Home      Discussion      Topics      Dictionary      Almanac
Signup       Login


The true origins of The Keytar
Posts  1 - 5  of  5
Keytar discussion
As the true originator or The Keytar back in the summer of 1977, I am able to guarantee that Anthony Masakowski (who seems to have taken all the credit so far) had absolutely nothing to do with either its invention or its name, in spite of the many claims found across the worldwide web today.

I have never met Mr Maskowski at any time in my life - either before or since I invented it - and I know that he will never be able to explain the exact thought processes which brought him to think of it in the first place.

On the other hand, I most certainly can because it was born out of two events:
1) the fact that I was working with my Brother, Jeremy Symons. at a small company called Keynote Musical Instruments based in Chiswick, West London, UK where we designed keyboards, speaker systems and mixing desks from June 1975.

2) I happened to be watching TV one evening and saw Billy Preston performing with the Beatles while actually wearing a Fender Rhodes electronic piano around his neck!

It was at that time when we had just started designing our monophonic Synthesiser called The Scorpion (see Synthmuseum.com) and, for no particular reason, my Brother had included an external output jack in the rear of the unit. At first I wasn't convinced it was a useful idea but when he explained that it would allow another remote keyboard to also play the same synth, it started a conversation between us because I couldn't see any advantage to it and felt having another keyboard elsewhere on the stage would only have a limited appeal.

Coincidentally, however, that evening while I was watching Billy Preston undertaking the mammoth task of both 'wearing' a Fender Rhodes piano around his neck and playing it at the same time, it struck me that if the two ideas of a remote keyboard which is also wearable could be designed to work with the Scorpion, we might have something useful.

It was only one more logical step until I also included the idea of a guitar-type neck in which would house the 'expressive' electronics such as a slide potentiometer for the pitch bender and it became obvious that this was a keyboard worn like a guitar and so should be name The Keytar.

Rick Wakeman was a good friend at the time and helped us with the first test runs of the earliest unit we produced which was, in fact, a floor board with a keyboard unit screwed onto it and a Guitar neck which I purchased from a local company called Chandler Guitars in Kew, West London.

To see if it would work in practice rather than just as an idea we routed out a space in the neck to house the slide potentiometer and added a guitar strap to complete the idea.

Rick Wakeman demonstrated our first production unit at Frankfurt Trade Fair the next year and our stand was crawling with competitors from all over the world - especially those from Yamaha and Roland.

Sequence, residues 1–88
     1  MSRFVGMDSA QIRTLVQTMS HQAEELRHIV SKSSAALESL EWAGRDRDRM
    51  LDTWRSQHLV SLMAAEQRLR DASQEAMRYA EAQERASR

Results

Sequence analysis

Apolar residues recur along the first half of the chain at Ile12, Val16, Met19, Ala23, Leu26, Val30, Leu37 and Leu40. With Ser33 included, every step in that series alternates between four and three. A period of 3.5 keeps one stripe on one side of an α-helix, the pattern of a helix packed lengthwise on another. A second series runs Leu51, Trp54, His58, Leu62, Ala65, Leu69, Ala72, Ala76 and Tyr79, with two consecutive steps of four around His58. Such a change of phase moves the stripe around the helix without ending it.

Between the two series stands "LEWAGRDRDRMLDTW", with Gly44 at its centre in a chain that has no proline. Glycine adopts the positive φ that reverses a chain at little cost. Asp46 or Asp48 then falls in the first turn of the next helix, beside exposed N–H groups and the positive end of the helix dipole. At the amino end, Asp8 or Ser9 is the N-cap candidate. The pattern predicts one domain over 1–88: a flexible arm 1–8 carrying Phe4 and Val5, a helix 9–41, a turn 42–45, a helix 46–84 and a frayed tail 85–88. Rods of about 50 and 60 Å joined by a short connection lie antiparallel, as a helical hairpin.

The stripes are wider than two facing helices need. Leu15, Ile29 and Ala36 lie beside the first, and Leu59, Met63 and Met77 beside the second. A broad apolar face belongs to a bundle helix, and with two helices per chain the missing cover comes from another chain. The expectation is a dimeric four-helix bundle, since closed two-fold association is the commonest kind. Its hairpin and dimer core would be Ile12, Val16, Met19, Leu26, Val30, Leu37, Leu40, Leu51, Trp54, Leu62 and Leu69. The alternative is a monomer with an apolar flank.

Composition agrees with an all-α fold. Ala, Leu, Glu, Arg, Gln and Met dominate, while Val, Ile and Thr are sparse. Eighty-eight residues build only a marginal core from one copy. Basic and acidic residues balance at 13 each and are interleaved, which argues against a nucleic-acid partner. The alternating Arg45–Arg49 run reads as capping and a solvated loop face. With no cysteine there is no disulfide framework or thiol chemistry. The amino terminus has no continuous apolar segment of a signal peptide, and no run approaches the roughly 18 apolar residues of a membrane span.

Unfortunately we couldn't afford a Patent at the time so the idea was simply copied by the 'big boys'. We did take steps to protect the name, however, but as soon as it ran out, Hohner produced a very small cheap child's toy based on the same design as the Keytar and adopted the name as well.

Also, to be completely accurate, Roger Powell, who was a business contact of my Brother's and was Todd Rundgren's keyboard player in the band 'Utopia' had designed a self-contained wearable shoulder-hung synth called The Probe but it didn't have a guitar-type neck or any expression controls such as pitch bend or vibrato

Both Rick Wakeman and Landscape used the first Keytar and, in fact if the video for Landscape's record 'Einstein a go go' is watched on YouTube, you can see one of our first production Keytars which we lent to them especially for the shoot.

Therefore, all other shoulder-hung keyboards were copies of our original instrument, including the Moog Liberator and the many Yamaha, Roland etc Keytar-type instruments that followed afterwards.

Lesley Symons
replied to: lesyms
Replied To:  As the true originator or The Keytar back in the summer of 1977, I ...
Please post proof of your VERY far fetched claims.

Roger Powell conceptualized The "Powell Probe in 1977 and by his own account was playing it in 1979. His backround with computers, and technology are VERY well documented and factual. Also, Mr Powell's mentor was in fact, Bob Moog.

The Moog Liberation was released in 1980. This was the 'First Commercially released "Keytar"

Common sense would dictate from drawing board to release would require 1-2 years.

I find it suspicious that you now claim that Bob( moog) stole your idea. More interesting that you waited until after he passed to claim this.

Also, i would like to point out that "Einstein a go go" song was released in 1981.

You claim you owned the rights to the name "Keytar" please post the legal documentation to verify this.

replied to: Kne01
Replied To:  Please post proof of your VERY far fetched claims. Roger Powell ...
Timeline keytar before 1980s:
- 1800 Austria Orphica by Carl Leopold Rollig
- 1963 Switzerland Basset By Weltmeister
- 1966 Sweden Tubon by Jon Mustad
- 1977 USA RB-1 by Hillwood

Look at my video about the keytar history.


replied to: FanTC
Replied To:  Timeline keytar before 1980s: - 1800 Austria Orphica by Carl Leopo...

Its REALLY inaccurate, Sorry.
replied to: Kne01
Replied To:  Henry, Its REALLY inaccurate, Sorry.
Hallo kne01,

how can it be inaccurate, please tell me, this information can be found all over the internet. I've seen the Orphica from 1800 with my own eyes in a museum in Vianna. It was made to be hung around the neck and shoulders, like a keytar. The Tubon from 1963 was used by the Beatles in a few songs.